Whatever inspired this gloom in each case, though, it's as well for us as readers to be reminded from time to time that bad as things undoubtedly are now with the 'the land of the free and the home of the brave', they weren't all that great in 1976 - or 1876 - or virtually any other date in history one can name, for that matter - either.

Francis Scott Key: The Star-Spangled Banner (1814)

Gore Vidal: Empire (1987)

Empire tries to do a great deal in a short space of time. This could be seen as admirable or unfortunate, depending on your prior expectations of a novel of this type - or in this series.

On the one hand, it provides us with a kind of updated version of Henry James's Portrait of a Lady in its account of the fascinating rise of Caroline Sanford from cheated heiress to self-assured newspaper publisher (there's something there, too, of Katharine Graham's successful tenure at the Washington Post, I suspect).

However, it's mostly a political history of the McKinley / Roosevelt era of imperial expansion on the part of America: it was, afer all, during this period that Puerto Rico, Hawaii, Guam, the Philippines, and a number of other Caribbean and Pacific dependencies were added to the "protection" of the United States.

The rise of yellow journalism and the growing dominance of William Randolph Hearst is also explored in some depth, largely through the former's relations with Caroline's scheming brother Blaise Sanford.

What else? There's a brief history of "the hearts": a group of wealthy Washingtonians including Henry Adams, his dead wife Clover, Secretary of State John Hay, and various others, who seem - in context - to embody some alternate philosophy of life superior to the merciless materialism of the fin de siècle.

All these ingredients would seem to promise a major novel. And it's certainly this which Vidal has laboured to compose. They fail, somehow, to cohere - perhaps because they lack a single central focus, unlike the earlier novels in the sequence.

If it ends up being a fascinating might-have-been in purely fictional terms, so much talent and skill has gone into it that it can still serve as a storehouse of contemporary attitudes and events. Where else, for instance, could I have found out about John Hay's early dialect poems "Little Breeches" and "Jim Bludso", which Henry James persists in quoting at him, embarrassingly, every time they meet?

John Hay: Pike County Ballads (1912)

Gore Vidal: Hollywood (1990)

The problem with Hollywood, which picks up pretty much where Empire left off - albeit with a decade or so in between - is that there's a bit too much scheming and politicking, and not nearly enough Hollywood.

The sordid saga of Warren Gamaliel Harding's rise to power and influence despite (or because of) his legion of crooked, small-town friends is expounded in great - though at times confusing - detail. Interesting though this undoubtedly is, it's hard to see precisely how it meshes with the continuing saga of Caroline Sanford, her brother Blaise, and their various lovers and friends.

Once again, this is an immensely informative novel for those of us who are bit shaky in our knowledge of early twentieth century American politics. For every reader who feels this to be a deficiency, however, I'll bet there are a dozen others who would rather hear more about the silent movies Caroline finds herself first starring in, then producing!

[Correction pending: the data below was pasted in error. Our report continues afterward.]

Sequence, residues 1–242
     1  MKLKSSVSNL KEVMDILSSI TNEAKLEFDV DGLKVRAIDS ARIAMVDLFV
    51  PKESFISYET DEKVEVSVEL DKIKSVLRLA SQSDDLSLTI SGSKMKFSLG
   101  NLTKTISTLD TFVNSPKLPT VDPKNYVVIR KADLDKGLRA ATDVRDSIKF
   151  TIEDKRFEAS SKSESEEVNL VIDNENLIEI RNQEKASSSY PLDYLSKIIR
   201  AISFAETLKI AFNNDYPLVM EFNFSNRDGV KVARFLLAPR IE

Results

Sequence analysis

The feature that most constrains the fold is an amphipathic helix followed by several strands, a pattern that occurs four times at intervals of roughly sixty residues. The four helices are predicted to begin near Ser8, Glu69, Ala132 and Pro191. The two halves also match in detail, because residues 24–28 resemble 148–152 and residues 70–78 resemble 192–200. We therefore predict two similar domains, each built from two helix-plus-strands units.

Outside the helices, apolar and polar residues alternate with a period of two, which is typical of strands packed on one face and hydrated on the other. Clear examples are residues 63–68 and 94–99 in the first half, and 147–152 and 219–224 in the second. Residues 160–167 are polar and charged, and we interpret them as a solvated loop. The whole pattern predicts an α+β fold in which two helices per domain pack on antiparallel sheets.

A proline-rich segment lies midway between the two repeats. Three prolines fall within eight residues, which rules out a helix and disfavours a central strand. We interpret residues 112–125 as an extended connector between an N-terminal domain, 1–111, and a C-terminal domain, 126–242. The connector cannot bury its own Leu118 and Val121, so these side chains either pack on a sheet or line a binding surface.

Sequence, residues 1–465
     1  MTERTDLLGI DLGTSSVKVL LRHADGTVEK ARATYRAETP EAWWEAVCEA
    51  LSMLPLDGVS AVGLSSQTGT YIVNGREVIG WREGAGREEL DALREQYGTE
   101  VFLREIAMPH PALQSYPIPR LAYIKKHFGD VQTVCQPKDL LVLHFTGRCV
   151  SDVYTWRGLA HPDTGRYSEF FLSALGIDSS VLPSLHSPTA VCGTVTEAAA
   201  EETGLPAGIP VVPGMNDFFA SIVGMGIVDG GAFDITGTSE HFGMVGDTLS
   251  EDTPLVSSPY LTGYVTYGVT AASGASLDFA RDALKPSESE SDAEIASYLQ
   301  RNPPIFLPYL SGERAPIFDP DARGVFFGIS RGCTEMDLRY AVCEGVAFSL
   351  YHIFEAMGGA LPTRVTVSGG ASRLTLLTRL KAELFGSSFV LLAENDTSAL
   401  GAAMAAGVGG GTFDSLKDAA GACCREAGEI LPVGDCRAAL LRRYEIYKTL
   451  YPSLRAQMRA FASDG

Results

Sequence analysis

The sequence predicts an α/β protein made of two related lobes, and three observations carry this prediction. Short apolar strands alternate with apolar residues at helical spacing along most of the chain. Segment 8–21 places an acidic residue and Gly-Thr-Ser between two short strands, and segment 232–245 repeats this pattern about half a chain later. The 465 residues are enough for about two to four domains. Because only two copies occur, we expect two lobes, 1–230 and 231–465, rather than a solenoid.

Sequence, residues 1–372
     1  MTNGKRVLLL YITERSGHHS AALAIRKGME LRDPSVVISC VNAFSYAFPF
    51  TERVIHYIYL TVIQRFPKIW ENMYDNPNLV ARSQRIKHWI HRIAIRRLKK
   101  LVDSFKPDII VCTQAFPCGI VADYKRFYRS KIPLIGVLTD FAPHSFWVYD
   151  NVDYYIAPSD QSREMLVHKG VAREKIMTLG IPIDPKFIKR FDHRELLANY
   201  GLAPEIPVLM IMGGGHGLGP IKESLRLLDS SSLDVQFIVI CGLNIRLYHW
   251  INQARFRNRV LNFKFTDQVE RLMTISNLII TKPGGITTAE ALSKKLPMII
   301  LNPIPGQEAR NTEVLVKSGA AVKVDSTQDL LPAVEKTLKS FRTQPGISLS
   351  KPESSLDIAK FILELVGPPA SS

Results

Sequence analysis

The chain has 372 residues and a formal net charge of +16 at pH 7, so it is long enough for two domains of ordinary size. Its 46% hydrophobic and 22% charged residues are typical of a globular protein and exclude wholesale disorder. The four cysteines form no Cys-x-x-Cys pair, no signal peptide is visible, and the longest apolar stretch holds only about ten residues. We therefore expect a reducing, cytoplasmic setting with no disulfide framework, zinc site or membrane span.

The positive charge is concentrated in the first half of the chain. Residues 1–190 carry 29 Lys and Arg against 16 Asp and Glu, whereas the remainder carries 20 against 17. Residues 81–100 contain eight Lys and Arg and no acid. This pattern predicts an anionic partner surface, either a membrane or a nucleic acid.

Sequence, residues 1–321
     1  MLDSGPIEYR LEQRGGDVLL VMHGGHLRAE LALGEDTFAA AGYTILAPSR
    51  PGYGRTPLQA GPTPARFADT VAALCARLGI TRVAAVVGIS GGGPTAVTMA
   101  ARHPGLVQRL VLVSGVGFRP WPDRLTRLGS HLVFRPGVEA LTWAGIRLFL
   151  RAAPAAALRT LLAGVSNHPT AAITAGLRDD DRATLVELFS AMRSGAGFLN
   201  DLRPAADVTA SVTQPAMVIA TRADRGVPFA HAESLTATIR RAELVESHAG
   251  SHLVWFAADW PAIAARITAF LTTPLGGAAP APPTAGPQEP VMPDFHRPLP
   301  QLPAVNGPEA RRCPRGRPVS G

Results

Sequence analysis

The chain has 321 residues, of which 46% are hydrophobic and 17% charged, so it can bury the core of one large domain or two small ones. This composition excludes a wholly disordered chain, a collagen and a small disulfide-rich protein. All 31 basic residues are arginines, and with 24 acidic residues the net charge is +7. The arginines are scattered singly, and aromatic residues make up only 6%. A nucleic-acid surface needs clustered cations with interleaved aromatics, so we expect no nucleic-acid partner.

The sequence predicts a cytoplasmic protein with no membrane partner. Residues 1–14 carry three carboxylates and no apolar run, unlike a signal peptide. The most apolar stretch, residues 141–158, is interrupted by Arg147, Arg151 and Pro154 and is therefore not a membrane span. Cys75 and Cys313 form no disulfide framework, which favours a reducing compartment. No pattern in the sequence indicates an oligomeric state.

One glimpses, at times, in the livelier chapters of Vidal's book, the possibility of some modern rival to such classic Hollywood novels as Budd Schulberg's What Makes Sammy Run? (1941) or even Nathanael West's Day of the Locust (1939).

Alas, for the first time one begins to feel that the constraints of Vidal's series are beginning to outweigh the benefits. The book as a whole remains a fascinatingly panoramic view of many aspects of contemporary American life. It just lacks focus. But then, that no longer seems to be a vital part of Vidal's overall scheme.

Nathanael West: The Day of the Locust (1939)

Gore Vidal: Washington, D. C. (1967 / 1994)

The same could not be said of the next in the series - which was also, confusingly, the first to be written. The reason for this, of course, is that even if Vidal dreamed of such a roman fleuve in 1967, when he first published this book, he can have had little idea what precise form it would take.

Washington, D.C. is a very focussed novel indeed. Unfortunately, the main burden of the plot is the evil and underhanded way in which Enid Sanford, daughter of the nefarious Blaise (already familiar to readers of the previous two books), and sister to the protagonist, Peter Sanford, is sacrificed to the political ambitions of her husband, a JFK-clone called Clay Overbury.

The absence of Caroline Sanford from the narrative is due to the fact that she had not yet been invented when Vidal wrote it. In his introduction to the 1994 reissue of 1876, however, he reassures us that:
Now I have rewritten Washington, D.C., the summing-up novel, in order to bring together all the strands of the story.
- Gore Vidal, "Narratives of a Golden Age." 1876: A Novel. 1977. London: Abacus, 1994. vii-xii.
I was interested to check just how substantive this "rewriting" of the earlier novel was. Comparing my 1976 paperback to one published in 2000, I could find only two substantive new passages. The first, in chapter one, involved a more detailed account of Peter's genealogy, based on the events of the earlier books. The second, in chapter seven, involves a two-page exposition of just how their family is related to Aaron Burr, another subject intensively canvassed in Burr and 1876.

Beyond this, it's hard to see any really significant difference between the two texts. Washington, D.C. is largely a morality tale: a denunciation of the inevitable compromises involved in political advancement. Enid, however, is so poisonously mendacious and self-destructive a drunk, and Peter so pompous a prig, that it's hard to see them as constituting much of a moral centre to the narrative. As a whole, it lacks the more nuanced and complex picture of human relationships familiar to us from the earlier (or should I say later?) books in the series.